This week was the start of a new subject. After hitting a dead end with the Margaret Lane Cemetery I got the go ahead from my supervisor to move back onto researching the African American History of Hillsborough. Instead of the overall approach that I was taking before, I have begun researching a specific aspect of the history in Hillsborough first and then once I am done with that subject I will move onto the next one.
I am starting with the Dickerson AME Chapel. The chapel was the third Orange county courthouse, and was purchased by the Reverend Elias Dodson Jr. I was able to look through the Ancestry.com documents to find a sizable amount of information on Elias Dodson, but there are enough Elias Dodson’s that it is difficult to sift through the information and come out with verifiable proof that this is indeed the correct Elias Dodson.
I also continued to expand on the research of the chapel itself. The changing owners of the building is fascinating. Dodson bought the courthouse and then moved it to another more central location in downtown. from there the chapel changed hands 4 times before becoming the AME chapel it is today in 1886. I have almost exhausted the resources that I have at my disposal for the Chapel so I will be moving onto other subjects this week. A local Hillsborough resident who is knowledgable about Elizabeth Keckly’s history will be coming in to talk to me on Monday and I think that will be beneficial to my research on her. I definitely need to take advantage of those people that already have all the information I need readily available in their head. I look forward to seeing what my research reveals this week.
This week went in the books as a frustrating one on the research front. The week began with my continuing to research the history of the Margaret Lane Cemetery. However, this proved to be a dead end. I searched through the deed records that are available to me for Orange County, but was unable to get any where with that. Although there were sales of land to the owner of the Cemetery, none of them were the correct plot of land and none of them were sales from the town.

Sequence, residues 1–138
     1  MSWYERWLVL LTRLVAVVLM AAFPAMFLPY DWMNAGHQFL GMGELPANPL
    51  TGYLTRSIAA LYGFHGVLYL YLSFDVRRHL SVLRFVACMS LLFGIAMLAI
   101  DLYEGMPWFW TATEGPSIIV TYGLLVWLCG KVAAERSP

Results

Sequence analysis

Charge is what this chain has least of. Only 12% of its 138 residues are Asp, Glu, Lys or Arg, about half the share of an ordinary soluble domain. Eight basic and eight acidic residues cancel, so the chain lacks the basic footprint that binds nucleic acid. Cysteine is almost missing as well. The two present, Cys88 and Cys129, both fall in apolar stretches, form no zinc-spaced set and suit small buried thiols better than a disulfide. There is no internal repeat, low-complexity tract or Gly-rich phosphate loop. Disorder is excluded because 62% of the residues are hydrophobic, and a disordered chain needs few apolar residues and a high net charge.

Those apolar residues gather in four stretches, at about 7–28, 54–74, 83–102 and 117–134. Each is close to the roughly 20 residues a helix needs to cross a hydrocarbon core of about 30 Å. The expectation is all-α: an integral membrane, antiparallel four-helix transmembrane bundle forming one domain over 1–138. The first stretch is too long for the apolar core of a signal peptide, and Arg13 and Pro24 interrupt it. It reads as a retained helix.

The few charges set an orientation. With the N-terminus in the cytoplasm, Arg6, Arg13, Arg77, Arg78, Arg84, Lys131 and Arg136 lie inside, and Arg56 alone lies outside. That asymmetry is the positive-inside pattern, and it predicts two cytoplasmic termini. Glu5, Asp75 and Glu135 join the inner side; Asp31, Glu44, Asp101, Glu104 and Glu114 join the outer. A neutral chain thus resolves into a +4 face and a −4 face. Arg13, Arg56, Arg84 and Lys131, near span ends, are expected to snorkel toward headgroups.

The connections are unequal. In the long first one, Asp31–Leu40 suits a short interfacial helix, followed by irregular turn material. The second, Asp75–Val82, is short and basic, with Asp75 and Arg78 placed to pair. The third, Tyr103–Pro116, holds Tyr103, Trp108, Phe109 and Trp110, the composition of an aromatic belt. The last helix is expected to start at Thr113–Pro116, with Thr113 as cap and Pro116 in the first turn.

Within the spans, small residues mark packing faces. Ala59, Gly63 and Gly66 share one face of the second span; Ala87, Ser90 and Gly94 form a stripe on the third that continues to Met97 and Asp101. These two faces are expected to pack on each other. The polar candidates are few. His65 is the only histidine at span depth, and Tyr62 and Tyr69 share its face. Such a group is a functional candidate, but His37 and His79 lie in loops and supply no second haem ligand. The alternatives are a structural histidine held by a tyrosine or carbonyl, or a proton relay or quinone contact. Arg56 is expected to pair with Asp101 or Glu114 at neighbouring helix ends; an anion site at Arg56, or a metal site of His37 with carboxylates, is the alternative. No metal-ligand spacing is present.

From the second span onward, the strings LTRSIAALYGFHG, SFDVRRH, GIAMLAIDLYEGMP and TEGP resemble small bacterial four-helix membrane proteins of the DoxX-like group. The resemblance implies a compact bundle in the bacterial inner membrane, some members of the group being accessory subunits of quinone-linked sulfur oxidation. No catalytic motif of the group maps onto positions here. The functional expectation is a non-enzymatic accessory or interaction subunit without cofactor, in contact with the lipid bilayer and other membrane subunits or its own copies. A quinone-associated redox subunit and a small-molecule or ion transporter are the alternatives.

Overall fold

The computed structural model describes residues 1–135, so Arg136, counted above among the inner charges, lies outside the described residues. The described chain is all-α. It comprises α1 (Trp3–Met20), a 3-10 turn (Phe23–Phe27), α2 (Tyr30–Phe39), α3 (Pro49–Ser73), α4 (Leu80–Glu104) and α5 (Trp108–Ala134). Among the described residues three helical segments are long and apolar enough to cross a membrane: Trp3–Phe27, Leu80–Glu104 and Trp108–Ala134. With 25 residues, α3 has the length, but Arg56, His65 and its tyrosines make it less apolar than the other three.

With this portion of the research hitting a dead end, I moved onto researching those who were buried in the cemetery. First I tried online research through the information that I could gather via third-party websites. This information only went so far when coupled with the books that I had on the History in Hillsborough. The one moment of excitement came when I was able to put a crude family tree together that linked two family members who are supposedly buried in the MLC. However, this theory was contingent on either a misprint or a nickname that was given to the woman that was buried there. While this is entirely possible, it is not probable.
From that point I went on to go to the library. While there I looked through the resources available to me through their ancestry.com account. This proved unhelpful apart from finding a few possible census entries that could be related to those buried. I was then able to look through the microfilm for the local newspaper for the dates of death. However, there is a large portion of the late 1800’s into the early 1900’s that is not there due to the paper moving and the new paper not installing itself yet. The few dates that did match with the newspapers I could view did not yield any information. I can only assume that this is because the obituaries, which seemed few and far between, were expensive enough to prohibit the families of those being buried from publishing one. Although I did learn a great deal about using resources this week, they did not prove helpful in the avenues I was pursuing.